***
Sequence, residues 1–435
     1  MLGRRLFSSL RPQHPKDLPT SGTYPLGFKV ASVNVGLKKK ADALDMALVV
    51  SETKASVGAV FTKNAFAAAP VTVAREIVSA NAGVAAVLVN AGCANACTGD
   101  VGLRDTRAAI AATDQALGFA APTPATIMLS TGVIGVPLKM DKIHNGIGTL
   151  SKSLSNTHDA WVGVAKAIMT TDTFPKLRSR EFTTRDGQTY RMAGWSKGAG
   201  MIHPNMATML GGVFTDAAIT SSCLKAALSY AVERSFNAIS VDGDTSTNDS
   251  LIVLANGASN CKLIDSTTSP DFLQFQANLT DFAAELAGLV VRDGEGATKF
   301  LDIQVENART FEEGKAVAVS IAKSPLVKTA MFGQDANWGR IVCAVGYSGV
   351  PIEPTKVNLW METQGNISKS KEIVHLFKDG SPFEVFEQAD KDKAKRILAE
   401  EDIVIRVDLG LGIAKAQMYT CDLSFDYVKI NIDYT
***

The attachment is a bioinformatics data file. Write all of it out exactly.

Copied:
Sequence, residues 1–435
     1  MLGRRLFSSL RPQHPKDLPT SGTYPLGFKV ASVNVGLKKK ADALDMALVV
    51  SETKASVGAV FTKNAFAAAP VTVAREIVSA NAGVAAVLVN AGCANACTGD
   101  VGLRDTRAAI AATDQALGFA APTPATIMLS TGVIGVPLKM DKIHNGIGTL
   151  SKSLSNTHDA WVGVAKAIMT TDTFPKLRSR EFTTRDGQTY RMAGWSKGAG
   201  MIHPNMATML GGVFTDAAIT SSCLKAALSY AVERSFNAIS VDGDTSTNDS
   251  LIVLANGASN CKLIDSTTSP DFLQFQANLT DFAAELAGLV VRDGEGATKF
   301  LDIQVENART FEEGKAVAVS IAKSPLVKTA MFGQDANWGR IVCAVGYSGV
   351  PIEPTKVNLW METQGNISKS KEIVHLFKDG SPFEVFEQAD KDKAKRILAE
   401  EDIVIRVDLG LGIAKAQMYT CDLSFDYVKI NIDYT